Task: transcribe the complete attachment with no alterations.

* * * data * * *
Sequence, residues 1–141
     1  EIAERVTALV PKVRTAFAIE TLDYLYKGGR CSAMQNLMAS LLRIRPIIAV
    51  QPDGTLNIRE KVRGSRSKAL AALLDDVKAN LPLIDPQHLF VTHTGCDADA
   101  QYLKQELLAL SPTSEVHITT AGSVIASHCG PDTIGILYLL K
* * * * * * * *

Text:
Sequence, residues 1–141
     1  EIAERVTALV PKVRTAFAIE TLDYLYKGGR CSAMQNLMAS LLRIRPIIAV
    51  QPDGTLNIRE KVRGSRSKAL AALLDDVKAN LPLIDPQHLF VTHTGCDADA
   101  QYLKQELLAL SPTSEVHITT AGSVIASHCG PDTIGILYLL K